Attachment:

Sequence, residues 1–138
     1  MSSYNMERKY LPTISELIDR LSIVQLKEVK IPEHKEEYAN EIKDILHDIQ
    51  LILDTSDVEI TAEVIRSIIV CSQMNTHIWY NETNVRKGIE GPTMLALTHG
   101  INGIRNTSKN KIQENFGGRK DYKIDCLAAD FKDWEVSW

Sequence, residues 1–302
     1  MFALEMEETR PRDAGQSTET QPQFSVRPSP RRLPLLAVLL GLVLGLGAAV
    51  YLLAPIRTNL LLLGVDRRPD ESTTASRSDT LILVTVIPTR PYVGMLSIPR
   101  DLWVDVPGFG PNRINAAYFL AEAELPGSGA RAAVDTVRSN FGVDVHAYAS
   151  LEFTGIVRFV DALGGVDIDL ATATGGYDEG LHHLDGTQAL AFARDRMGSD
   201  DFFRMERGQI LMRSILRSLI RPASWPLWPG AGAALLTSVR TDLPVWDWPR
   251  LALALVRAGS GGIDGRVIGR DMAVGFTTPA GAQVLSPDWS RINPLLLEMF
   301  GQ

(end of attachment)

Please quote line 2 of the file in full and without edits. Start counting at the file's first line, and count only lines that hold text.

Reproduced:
     1  MSSYNMERKY LPTISELIDR LSIVQLKEVK IPEHKEEYAN EIKDILHDIQ